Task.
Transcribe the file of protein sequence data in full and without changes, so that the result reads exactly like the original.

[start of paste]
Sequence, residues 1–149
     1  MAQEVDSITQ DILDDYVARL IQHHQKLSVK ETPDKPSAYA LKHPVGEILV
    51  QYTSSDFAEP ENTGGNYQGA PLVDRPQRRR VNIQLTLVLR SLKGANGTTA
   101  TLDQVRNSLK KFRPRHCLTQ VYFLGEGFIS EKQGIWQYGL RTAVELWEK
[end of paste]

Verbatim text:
Sequence, residues 1–149
     1  MAQEVDSITQ DILDDYVARL IQHHQKLSVK ETPDKPSAYA LKHPVGEILV
    51  QYTSSDFAEP ENTGGNYQGA PLVDRPQRRR VNIQLTLVLR SLKGANGTTA
   101  TLDQVRNSLK KFRPRHCLTQ VYFLGEGFIS EKQGIWQYGL RTAVELWEK